She {Yanar Mohammed} said that the theory of females contributing to post-war Iraq politically or socially was a joke. How are females supposed to be out there helping to build society or even make a decent contribution when they suddenly seem to be a #1 target? She talked about a "Women's Conference" arranged by the CPA where she wasn't allowed to enter because the 'women representatives of Iraqi females' were all selected by the feminist extraordinaire L. Paul Bremer.
Baghdad Burning 09.16.03

It'll kill you -- wait, no it won't
... Donald J. McNeil, writing in the New York Times, "the study was ridiculed at the time by other scientists working on the drug, who said the primates (used in the study) must have been injected with massive overdoses. Two of the 10 primates died of heatstroke, they pointed out, and another two were in such distress that they were not given all the doses. If a typical ecstasy dose killed 20 percent of those who used it, critics said, no one would use it recreationally."

Meantime, lapdogs like this Ricaurte dude get gazillions of dollars to injure monkeys in various ways to prove that the people who think they are having a good time aren't. This is medieval science, intellectually bankrupt and breathtakingly stupid.
Why do we allow it? Because it's never the top priority. There is poverty and hunger and disease and pollution and the death of the oceans, and a malign administration in Washington wishing to ignore all those problems, and there are so many hours in the day...

Jon Carroll/SFGate 09.15.03
see also:
Does your child measure up? 09.16.03

Q. How can I tell whether a mirror is really a mirror or a two-way window that looks like a mirror?

A. Hold a pointed object against it. If the point and its reflection touch, instead of staying the glass width apart, it's two-way. Silvering is on the back of a plain mirror, on the front of a two-way.

LMBoyd 09.16.03

Comment on Reproductive Ethics (CORE)

First human clone embryo ready for implantation
New Scientist 09.15.03

The Test-Tube Family Reunion
Wendy Goldman Rohm/Wired October 2003

The Rediscovery of Man
Cordwainer Smith NESFA Press

Cordwainer Smith, Science Fiction Writer

link impetus�Harper's Weekly Review 09.16.03

Breslin Surfs


Why don't we have the answers to these questions?
3. Who made a small fortune "shorting" airline and insurance stocks before Sept. 11?
...On Sept. 10, 2001, the trading ratio on United Airlines was 25 times greater than normal at the Pacific Exchange, where traders could buy "puts," high-risk bets that the price of a company's stock will fall sharply. The next day, two hijacked United jetliners crashed, causing the company's shares to plummet and ultimately leading the airline into bankruptcy...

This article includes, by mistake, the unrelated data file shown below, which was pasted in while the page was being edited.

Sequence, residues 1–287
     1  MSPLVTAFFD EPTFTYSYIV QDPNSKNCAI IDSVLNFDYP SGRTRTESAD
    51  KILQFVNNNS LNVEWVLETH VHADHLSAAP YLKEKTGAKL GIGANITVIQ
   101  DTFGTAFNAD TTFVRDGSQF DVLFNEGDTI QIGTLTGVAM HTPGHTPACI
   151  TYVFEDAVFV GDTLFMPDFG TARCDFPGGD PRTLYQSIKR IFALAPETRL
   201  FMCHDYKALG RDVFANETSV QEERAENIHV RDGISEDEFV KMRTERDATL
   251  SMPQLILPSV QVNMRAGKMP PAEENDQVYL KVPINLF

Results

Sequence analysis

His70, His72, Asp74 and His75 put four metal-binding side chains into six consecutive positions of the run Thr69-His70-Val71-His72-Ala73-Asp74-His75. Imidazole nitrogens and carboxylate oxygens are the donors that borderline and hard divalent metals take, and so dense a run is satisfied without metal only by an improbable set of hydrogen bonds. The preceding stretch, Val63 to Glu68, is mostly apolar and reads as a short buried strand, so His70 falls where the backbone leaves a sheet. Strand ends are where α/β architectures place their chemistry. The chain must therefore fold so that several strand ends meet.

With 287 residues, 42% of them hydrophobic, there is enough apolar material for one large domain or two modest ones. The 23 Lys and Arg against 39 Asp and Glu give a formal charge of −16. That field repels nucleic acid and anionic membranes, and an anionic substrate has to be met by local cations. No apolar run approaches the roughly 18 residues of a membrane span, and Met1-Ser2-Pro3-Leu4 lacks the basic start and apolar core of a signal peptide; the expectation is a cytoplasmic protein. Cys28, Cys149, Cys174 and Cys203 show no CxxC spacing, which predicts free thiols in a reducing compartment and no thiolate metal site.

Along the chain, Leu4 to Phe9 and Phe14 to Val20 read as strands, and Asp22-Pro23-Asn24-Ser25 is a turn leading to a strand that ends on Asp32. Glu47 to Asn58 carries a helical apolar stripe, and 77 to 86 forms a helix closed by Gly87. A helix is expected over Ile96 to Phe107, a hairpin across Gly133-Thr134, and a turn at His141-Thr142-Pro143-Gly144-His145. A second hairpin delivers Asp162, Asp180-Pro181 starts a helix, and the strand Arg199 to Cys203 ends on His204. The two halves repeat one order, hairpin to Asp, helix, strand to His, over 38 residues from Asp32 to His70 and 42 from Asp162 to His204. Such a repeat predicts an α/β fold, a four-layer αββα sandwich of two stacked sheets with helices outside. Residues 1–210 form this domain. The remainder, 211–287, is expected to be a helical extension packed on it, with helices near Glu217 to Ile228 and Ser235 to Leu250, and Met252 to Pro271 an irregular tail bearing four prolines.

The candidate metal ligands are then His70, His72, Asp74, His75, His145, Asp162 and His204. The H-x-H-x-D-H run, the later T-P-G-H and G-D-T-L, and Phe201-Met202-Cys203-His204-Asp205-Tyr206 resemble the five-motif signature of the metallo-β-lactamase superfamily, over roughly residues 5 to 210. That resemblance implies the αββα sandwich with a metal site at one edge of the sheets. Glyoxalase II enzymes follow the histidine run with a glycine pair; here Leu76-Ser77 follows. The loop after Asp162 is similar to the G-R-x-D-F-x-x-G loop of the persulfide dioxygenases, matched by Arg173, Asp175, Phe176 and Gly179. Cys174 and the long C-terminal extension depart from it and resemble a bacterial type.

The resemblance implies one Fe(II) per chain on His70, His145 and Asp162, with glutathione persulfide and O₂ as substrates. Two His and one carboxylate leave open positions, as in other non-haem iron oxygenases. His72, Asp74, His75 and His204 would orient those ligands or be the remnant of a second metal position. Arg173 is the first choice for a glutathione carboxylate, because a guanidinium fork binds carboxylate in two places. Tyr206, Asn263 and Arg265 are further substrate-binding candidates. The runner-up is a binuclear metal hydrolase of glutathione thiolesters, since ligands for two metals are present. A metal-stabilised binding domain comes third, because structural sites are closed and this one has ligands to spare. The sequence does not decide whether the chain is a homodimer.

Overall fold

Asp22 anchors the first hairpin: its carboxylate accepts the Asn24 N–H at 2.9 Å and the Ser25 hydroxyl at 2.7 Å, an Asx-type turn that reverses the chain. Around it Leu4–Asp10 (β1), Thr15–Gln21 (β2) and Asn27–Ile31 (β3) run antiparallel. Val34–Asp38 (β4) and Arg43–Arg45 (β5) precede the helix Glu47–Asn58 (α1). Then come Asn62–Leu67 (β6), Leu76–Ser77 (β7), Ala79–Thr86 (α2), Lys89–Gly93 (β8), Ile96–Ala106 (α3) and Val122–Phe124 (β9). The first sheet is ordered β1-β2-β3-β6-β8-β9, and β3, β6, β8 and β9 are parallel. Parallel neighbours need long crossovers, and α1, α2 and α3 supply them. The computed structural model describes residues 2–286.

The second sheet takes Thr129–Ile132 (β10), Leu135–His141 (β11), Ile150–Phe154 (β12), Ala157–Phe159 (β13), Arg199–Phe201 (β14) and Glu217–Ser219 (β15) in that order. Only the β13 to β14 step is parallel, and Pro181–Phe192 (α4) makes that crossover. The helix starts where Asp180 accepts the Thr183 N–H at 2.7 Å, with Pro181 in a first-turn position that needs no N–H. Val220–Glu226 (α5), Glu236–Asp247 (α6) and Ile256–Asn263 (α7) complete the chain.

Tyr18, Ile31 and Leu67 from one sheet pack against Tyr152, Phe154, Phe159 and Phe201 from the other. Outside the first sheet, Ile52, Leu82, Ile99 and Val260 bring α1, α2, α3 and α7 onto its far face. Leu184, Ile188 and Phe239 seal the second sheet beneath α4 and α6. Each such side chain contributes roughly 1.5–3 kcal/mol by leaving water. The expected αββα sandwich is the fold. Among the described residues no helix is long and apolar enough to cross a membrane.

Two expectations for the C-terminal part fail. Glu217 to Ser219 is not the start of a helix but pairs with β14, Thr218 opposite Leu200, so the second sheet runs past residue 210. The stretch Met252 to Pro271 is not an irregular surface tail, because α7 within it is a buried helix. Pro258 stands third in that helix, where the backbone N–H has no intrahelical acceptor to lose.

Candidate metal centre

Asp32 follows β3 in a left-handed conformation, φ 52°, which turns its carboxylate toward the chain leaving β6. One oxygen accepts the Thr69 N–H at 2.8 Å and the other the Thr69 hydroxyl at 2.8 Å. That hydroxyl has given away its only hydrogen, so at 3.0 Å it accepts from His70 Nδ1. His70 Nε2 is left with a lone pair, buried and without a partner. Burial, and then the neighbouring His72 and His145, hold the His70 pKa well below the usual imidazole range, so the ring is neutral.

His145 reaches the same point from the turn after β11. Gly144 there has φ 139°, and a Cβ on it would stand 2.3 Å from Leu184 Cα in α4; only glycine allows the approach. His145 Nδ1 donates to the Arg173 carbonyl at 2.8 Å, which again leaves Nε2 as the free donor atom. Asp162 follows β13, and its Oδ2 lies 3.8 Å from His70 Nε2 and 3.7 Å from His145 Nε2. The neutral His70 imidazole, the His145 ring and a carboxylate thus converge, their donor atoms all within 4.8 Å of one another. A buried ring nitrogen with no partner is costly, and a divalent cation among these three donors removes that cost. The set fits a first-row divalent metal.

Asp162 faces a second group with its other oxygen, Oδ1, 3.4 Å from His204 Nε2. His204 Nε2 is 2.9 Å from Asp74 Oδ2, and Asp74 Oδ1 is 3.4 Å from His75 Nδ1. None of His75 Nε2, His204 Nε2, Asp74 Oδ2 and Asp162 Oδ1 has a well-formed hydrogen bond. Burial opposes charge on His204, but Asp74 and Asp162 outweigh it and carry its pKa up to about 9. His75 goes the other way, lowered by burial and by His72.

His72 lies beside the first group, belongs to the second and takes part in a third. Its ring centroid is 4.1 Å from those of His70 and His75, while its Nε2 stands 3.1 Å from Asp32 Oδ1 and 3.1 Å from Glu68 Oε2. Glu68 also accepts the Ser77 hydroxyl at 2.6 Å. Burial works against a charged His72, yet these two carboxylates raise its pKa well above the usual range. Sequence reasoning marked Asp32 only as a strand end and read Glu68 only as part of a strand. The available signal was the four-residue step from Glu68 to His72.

13. Why did the Bush administration lie about dangerously high levels of toxins and hazardous particles after the WTC collapse?
Because apparently some White House officials felt that the health of the American economy and Wall Street was more important than the health of New York City residents who lived nearby...
{this person, for instance}

A new must-read book by investigative reporter Posner - "Why America Slept" - takes the conspiracy to the highest of levels of the Saudi government. He says a top bin Laden lieutenant, Abu Zubaydah, who was captured in March 2002, stunned investigators when - allegedly given the "truth serum" sodium pentothal - fingered three top Saudis. They were Prince Ahmed bin Salman bin Abdul Aziz, the Westernized owner of 2002 Kentucky Derby winner War Emblem; Prince Turki al-Faisal bin Abdul Aziz, the kingdom's longtime intelligence chief, and Prince Fahd bin Turki bin Saud al-Kabir.
The most incredible part of the story is what happened next. In an eight-day period in late July 2002, Prince Ahmed died at age 43 from a heart attack, Prince Turki died in a car crash and Prince Fahd "died of thirst."
William Bunch/ 09.15.03

link null device

Soured on the sweet science
The U.S. Congress should immediately pass a special Criminal Fraud law to permanently Banish professional boxing spectacles like Saturday night's Shane Mosley-Oscar de la Hoya fight from all public airwaves in America. There is some crap we won't eat.
That is strong language in some circles, but when you start talking about the ugly, evil nature of boxing today, no language is strong enough.

Our dangerously goofy child President from Texas is a squalid example of trouble coming home to roost. He is like a half-bright football coach who goes into a big game without a Game Plan. BOOM! Shame and failure will follow you for all the days of your life. Selah.
The Bush family reeks of fraud and bad karma. But even worse than our wretched, gibbling president are the cowardly whores in Hollywood who are currently smearing film stars and music people like Johnny Depp by calling them unpatriotic Americans who righteously question the wisdom of invading a whole nation of Islam -- 1.8 billion worshipers -- which is a dangerously stupid idea. Disagreeing with Donald Rumsfeld about bombing anybody who gets in our way is not a crime in this country. It is a wise and honorable idea that George Washington and Benjamin Franklin risked their lives for. These thieves in the White House are so crazy with greed and power, and they are causing so much drastic damage to the world we live in, that they are the ones who should be put on trial for treason.